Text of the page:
RT Design question


#1

Hi,

Anyone knows why RT uses both a SQL database and the File System to do
its thing.
I’m worrying that since Transactions are saved on the File System and
per file, my
File System will run out of Inode before Space. Why not place such
transactions in
a Table within the database. Also, since File Systems don’t have any
integrity checks,
if some files gets removed from the File Ssytem, the database would not
learn about it
until it is too late.

Thanks

Medi Montaseri, medi@prepass.com, 408-450-7114
Prepass Inc, IT/Operations, Software Eng.


#2

It’s historical. the SQL database we used to use had no support for blobs.
the thing we’re discovering as RT2 gets ported to more modern databases is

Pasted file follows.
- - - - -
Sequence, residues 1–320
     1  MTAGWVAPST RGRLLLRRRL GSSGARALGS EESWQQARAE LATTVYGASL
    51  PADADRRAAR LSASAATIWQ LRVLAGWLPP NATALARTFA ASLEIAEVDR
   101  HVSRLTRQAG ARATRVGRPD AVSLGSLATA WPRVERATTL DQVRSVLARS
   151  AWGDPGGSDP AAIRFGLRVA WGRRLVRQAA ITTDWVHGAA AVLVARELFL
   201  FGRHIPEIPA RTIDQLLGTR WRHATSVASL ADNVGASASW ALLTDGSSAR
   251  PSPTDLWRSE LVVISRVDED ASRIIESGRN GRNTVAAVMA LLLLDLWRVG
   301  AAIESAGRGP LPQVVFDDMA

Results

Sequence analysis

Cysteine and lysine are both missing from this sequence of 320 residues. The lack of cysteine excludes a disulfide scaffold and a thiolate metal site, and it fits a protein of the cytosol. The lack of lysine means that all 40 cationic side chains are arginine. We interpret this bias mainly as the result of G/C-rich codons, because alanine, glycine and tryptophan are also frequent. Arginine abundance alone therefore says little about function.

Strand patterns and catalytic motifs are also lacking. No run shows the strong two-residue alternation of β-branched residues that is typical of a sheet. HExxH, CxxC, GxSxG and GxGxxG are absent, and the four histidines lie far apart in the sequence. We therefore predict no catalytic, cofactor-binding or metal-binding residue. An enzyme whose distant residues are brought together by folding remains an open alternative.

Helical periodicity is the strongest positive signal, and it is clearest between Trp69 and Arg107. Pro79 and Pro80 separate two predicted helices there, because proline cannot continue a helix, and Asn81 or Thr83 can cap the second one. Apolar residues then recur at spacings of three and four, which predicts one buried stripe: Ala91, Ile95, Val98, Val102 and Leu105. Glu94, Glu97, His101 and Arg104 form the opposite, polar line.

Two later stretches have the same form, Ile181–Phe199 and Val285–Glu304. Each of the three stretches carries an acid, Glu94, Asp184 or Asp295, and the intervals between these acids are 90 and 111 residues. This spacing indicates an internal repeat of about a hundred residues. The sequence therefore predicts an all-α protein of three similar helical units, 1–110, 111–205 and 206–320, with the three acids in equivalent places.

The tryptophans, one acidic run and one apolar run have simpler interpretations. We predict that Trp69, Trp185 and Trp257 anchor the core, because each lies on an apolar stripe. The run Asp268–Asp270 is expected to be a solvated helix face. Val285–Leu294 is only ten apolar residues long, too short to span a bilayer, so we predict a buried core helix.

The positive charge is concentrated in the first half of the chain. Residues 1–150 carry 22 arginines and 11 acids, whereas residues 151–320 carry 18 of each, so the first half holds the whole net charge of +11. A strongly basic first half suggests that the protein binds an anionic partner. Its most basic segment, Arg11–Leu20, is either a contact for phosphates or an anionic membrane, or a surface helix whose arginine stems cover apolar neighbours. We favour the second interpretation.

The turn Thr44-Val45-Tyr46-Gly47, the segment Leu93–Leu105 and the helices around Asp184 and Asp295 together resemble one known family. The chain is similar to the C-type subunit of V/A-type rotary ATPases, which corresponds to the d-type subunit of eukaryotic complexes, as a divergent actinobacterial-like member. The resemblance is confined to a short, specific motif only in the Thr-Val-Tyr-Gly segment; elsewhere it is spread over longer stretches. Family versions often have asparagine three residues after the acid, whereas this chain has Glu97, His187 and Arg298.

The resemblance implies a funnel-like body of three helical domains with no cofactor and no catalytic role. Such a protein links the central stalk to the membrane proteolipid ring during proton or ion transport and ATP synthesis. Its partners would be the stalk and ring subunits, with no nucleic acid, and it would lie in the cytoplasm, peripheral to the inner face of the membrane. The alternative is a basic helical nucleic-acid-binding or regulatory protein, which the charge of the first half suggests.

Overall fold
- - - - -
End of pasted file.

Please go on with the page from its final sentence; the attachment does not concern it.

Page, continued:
that the support that’s there in, for example, postgresql still
isn’t really that reasonable.

But yes, RT2 moves things into the database.On Mon, Mar 12, 2001 at 08:48:37AM -0800, Medi Montaseri wrote:

Hi,

Anyone knows why RT uses both a SQL database and the File System to do
its thing.
I’m worrying that since Transactions are saved on the File System and
per file, my
File System will run out of Inode before Space. Why not place such
transactions in
a Table within the database. Also, since File Systems don’t have any
integrity checks,
if some files gets removed from the File Ssytem, the database would not
learn about it
until it is too late.

Thanks

Medi Montaseri, medi@prepass.com, 408-450-7114
Prepass Inc, IT/Operations, Software Eng.


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#3

Anyone knows why RT uses both a SQL database and the File System to do
its thing.

This was recently answered on the list.

From Jesse:

Actually, RT1 was hampered by the fact that at the time it was
written, the only free SQL database was Hughs miniSQL which didn’t
support any sort of field longer than ~256 bytes iirc.

RT2 stores things in blobs…which works fine with modern mysql
revs. The fact that postgres 7.1 doesn’t yet support 8bit-safe blobs
is rather a bummer.

— Eric